“You also have to make sure your backbeat stands out. I have a pretty loud backbeat. I hit it pretty loud, and it’s a rimshot most of the time. That gives me a lot of crack and sound so my ghost notes can be a little higher than usual and the contrast is still cool. The height of the ghost notes really depends on the dynamic level. The point is to really keep them low. Again I don’t stroke these with the wrist. That would sound rigid and be hard to do. It’s really about using the bounce. I’m really not playing them. I’m just catching the bounce and using my fingers.”

DRUM! Notation Guide

Keith Carlock

Good Natured Hi-Hat

“When I play with Wayne Krantz or in any more open and improvisational setting, I try to think of ways to play grooves without necessarily playing 2 and 4 on the snare and 1 and 3 on the bass. I want it still to groove and be danceable without always having to do that thing. One way I do it is to try to keep something constant like a jazz drummer would with the ride cymbal.

“Sometimes I think of the hi-hat as taking the place of the bass drum [Ex. 5] in a rhythm. You can start to replace what you would typically play on the bass drum [Exs. 6—10], so the bass and hi-hat are working together and breaking up the time, but it’s still a groovy thing. I like to give the hi-hat something more to do than just eighth-notes all the time. On ’What I Do’ from Donald Fagan’s recording, I do something like that. I do that dotted-eighth thing a lot.

“Or you can alternate the bass and hi-hat [Ex. 11]. Having that constant eighth-note on the cymbal is what makes it feel like it’s still grooving, whether or not the bass drum plays on 1 each time. The possibilities go on and on. The feet are just working together to break up the time, but it’s still a groove.”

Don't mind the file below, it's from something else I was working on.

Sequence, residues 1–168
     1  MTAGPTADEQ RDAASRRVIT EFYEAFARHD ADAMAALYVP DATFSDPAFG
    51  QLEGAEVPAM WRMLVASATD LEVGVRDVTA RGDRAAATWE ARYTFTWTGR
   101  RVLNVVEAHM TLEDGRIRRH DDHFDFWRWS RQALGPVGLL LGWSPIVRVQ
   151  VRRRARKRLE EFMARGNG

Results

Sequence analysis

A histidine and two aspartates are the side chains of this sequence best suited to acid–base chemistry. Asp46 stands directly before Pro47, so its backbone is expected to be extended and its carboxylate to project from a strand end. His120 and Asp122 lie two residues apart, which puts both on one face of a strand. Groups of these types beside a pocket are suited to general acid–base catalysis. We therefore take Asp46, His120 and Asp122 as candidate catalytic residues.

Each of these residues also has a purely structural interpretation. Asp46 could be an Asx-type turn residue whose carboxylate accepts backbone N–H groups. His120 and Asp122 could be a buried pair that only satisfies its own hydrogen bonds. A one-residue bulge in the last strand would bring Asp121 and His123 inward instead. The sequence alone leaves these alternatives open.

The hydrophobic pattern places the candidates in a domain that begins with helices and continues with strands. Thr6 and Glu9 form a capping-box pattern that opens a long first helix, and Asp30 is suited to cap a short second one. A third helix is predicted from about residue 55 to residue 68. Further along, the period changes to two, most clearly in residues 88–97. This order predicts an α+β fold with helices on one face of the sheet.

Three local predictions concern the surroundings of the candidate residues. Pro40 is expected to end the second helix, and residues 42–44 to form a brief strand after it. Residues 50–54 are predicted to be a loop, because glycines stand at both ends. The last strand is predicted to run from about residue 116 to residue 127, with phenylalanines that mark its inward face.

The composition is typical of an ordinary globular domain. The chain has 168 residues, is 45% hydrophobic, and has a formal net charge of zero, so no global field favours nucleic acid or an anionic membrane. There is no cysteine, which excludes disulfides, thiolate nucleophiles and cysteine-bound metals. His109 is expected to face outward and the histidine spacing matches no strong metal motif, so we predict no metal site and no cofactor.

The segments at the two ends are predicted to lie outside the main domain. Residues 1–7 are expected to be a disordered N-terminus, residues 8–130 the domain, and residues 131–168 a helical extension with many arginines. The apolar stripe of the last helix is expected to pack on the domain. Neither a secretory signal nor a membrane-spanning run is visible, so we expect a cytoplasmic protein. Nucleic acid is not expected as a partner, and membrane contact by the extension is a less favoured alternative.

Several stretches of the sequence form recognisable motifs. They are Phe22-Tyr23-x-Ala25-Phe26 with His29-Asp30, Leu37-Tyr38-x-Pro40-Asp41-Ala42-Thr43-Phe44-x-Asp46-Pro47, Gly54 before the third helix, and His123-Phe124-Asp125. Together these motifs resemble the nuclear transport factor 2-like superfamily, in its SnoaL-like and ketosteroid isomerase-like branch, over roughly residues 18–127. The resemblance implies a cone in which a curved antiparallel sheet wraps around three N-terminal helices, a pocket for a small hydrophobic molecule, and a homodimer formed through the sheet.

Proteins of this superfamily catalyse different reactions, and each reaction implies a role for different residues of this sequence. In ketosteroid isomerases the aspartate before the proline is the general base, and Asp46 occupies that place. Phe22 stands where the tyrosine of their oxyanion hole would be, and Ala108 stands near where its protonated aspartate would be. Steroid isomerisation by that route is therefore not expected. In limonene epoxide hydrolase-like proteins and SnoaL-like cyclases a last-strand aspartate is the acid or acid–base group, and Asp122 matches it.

DRUM! Notation Guide

Keith Carlock {pagebreak}

Groove Soloing

“In the soloing I do, a lot of the phrasing comes from Zigaboo [Modeliste] with The Meters and that kind of playing. It’s a big influence on me. I’ve taken those grooves that I used to listen to so much and just tried to make them my own. I break it up between the limbs and approach it like a jazz drummer with the ride cymbal being something constant and the other limbs breaking it up and comping or soloing. But I’m thinking more in sixteenth-notes than in a jazz triplet.

“Here’s a four-bar groove and four-bar soloing example [Ex. 12]. Sometimes I’m thinking in the way that they end phrases on the & of 3 [Ex. 13], and sometimes playing the snare on 1 is cool [Ex. 14]. That’s the way I approach soloing. I come up with something like that and let it repeat and build as I improvise around and it takes me someplace else. I think it’s more compositional and musical. It could go a million different places, but I don’t know how to tell you where it will go.

“Sometimes instead of a traditional drum fill, I’ll use this kind of phrasing between the kick and snare for a fill. It keeps the groove going because you’re not changing and playing something on top. Listen to The Meters or Tower Of Power with David Garibaldi and that linear way of playing. There are several guys that have that thing happening. Just listen to all types of music to get this type of vocabulary inside you so it comes out naturally and it doesn’t have to be thought about. It comes out from repetition and playing with people a lot.”

DRUM! Notation Guide

Keith Carlock Keith Carlock

Great Lick

“I get asked about this a lot. I suppose it’s my one lick. I think of it as an accent. It’s two bass drum strokes and then two single strokes in the hands [Ex. 15]. Then I put a roll in between. The tricky part is keeping the roll going. I might think of a phrase like this [Ex. 16]. Or I sometimes use it in six [Ex. 17]. It’s kind of like that Elvin [Jones] thing. At least that’s where I got the idea. I’m not thinking of the exact notation. The notes just squeeze in there at the right time. I guess I do it a lot, but that’s because there’s so much you can do with it. Sometimes I just slide it in at the last moment like it comes out of nowhere.”

DRUM! Notation Guide

Keith Carlock